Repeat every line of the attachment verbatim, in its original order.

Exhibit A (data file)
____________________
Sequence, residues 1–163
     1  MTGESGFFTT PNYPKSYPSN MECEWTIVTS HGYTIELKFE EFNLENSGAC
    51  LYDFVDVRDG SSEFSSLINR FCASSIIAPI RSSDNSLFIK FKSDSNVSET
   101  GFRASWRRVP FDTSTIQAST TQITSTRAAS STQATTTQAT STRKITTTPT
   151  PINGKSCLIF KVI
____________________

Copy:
Sequence, residues 1–163
     1  MTGESGFFTT PNYPKSYPSN MECEWTIVTS HGYTIELKFE EFNLENSGAC
    51  LYDFVDVRDG SSEFSSLINR FCASSIIAPI RSSDNSLFIK FKSDSNVSET
   101  GFRASWRRVP FDTSTIQAST TQITSTRAAS STQATTTQAT STRKITTTPT
   151  PINGKSCLIF KVI